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Affidavit of Support | Marriage Green Card Process

Affidavit of Support Issues

Hello. I am married to a US citizen and her income is not enough to give me an affidavit for my marriage based green card process. We do have a friend who can give me a joint affidavit of support. His yearly income is enough to support me but he is unemployed now. Can he be a joint affidavit supporter for me in the green card process and give me a sponsorship?
— Anonymous

Generally, all U.S. citizen petitioners must file a Form I-864, Affidavit of Support, essentially demonstrating that he or she is sponsoring the intending immigrant. The Petitioner must provide proof of her current income, regardless of whether it is sufficient to meet 125% of the poverty guidelines for her

 

household size. In addition to the Petitioner’s I-864, it appears that she will have to find a joint sponsor. The joint sponsor must be either U.S. citizen, U.S. national, or a lawful permanent resident who is at least 18 years old and domiciled in the United States. The joint sponsor may or may not live with you. The joint sponsor can be you, a friend, a neighbor, a co-worker, etc., so long as s/he is qualified and understands their obligations by signing the I-864.

Even if the potential joint sponsor in your case has a sufficient gross income as stated on his or her current U.S. Individual Income Tax Return, the Service may request documentation proving their current income. From a practical standpoint, the joint sponsor should be able to prove that s/he currently meets the income requirements on the date of filing. This means that s/he should provide proof of current income such as recent pay stubs or a job letter with the I-864.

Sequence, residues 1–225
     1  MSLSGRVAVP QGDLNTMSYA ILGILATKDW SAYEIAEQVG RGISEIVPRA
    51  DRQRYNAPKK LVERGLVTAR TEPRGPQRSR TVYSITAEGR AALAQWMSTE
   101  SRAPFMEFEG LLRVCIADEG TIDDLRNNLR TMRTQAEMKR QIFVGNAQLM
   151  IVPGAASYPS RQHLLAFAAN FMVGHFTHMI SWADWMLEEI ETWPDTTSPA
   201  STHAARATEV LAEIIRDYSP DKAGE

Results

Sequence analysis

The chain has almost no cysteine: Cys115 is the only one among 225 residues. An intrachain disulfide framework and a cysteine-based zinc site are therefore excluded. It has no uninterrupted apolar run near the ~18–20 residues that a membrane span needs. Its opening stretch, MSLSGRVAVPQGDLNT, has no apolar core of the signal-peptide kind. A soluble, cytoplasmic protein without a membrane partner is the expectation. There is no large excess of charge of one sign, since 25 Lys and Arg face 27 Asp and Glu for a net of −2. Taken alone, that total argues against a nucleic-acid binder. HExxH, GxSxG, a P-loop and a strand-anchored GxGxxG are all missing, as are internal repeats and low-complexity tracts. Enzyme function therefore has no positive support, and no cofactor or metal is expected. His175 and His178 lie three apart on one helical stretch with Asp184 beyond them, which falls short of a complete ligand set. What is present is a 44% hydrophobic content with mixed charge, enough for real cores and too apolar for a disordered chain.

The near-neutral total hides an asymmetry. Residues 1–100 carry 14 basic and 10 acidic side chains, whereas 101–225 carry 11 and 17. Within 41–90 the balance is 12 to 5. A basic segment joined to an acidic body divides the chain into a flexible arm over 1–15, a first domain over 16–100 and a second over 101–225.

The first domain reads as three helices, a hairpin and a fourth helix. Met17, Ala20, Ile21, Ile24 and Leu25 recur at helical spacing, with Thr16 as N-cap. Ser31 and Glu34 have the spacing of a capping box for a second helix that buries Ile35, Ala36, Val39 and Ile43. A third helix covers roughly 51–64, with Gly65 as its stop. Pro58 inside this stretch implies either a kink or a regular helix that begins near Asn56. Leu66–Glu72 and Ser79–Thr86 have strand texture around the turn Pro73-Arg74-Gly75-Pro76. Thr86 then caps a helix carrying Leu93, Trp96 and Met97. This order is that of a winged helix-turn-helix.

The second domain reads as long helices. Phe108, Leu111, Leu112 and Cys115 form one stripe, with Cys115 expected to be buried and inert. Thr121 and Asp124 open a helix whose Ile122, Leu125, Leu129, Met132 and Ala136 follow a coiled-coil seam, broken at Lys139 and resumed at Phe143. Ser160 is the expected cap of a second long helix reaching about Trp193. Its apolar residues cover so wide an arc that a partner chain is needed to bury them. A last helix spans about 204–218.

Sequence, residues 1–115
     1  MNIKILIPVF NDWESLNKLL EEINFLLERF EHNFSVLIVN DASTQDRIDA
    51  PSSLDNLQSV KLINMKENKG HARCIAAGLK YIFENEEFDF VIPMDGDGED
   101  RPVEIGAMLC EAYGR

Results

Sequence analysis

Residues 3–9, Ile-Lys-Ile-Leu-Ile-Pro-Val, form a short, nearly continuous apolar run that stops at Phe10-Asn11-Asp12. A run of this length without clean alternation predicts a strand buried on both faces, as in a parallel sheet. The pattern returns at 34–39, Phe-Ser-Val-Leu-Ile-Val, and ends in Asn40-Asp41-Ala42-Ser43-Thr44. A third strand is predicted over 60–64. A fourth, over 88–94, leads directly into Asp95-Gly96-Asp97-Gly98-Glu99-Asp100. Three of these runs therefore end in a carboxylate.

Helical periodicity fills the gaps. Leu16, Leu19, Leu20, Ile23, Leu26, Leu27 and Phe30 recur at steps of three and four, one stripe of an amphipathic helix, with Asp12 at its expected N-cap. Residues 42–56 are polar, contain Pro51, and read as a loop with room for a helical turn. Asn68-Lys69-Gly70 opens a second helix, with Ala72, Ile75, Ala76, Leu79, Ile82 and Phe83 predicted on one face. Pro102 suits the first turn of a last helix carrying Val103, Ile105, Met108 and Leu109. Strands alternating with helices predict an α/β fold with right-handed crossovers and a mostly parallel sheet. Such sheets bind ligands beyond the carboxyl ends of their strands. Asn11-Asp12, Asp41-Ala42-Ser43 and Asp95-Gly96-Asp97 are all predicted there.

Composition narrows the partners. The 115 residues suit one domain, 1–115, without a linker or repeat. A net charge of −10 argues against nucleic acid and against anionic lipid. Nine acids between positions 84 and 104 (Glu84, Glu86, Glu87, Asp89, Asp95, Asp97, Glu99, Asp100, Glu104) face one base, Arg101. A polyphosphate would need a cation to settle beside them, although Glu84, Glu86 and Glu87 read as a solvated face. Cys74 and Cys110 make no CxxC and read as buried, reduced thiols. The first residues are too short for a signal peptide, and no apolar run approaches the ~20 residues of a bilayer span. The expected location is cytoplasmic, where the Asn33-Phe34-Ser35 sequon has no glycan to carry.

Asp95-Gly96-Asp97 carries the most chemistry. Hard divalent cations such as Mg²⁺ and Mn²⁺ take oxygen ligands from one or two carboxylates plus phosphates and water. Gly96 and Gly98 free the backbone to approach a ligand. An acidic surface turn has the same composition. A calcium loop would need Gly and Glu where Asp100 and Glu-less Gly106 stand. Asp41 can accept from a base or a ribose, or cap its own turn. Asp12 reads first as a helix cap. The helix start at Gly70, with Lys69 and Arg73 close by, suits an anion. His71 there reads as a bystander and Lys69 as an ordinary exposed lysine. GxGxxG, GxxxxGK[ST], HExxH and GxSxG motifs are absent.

Additionally, if the adjustment of status applicant has a marriage based green card interview and the petitioner still does not satisfy the income requirements, the officer will usually want to see proof of current income from the joint sponsor. Therefore, you should try to find a joint sponsor who has steady employment and who can prove it. It would be best for you to consult with an experienced immigration lawyer before filing the adjustment of status package with the United States Citizenship and Immigration Service (USCIS) because there are many several affidavit of support issues and possible alternatives that may work for you.

Michael Shane and Evan Shane, Immigration Attorneys

 

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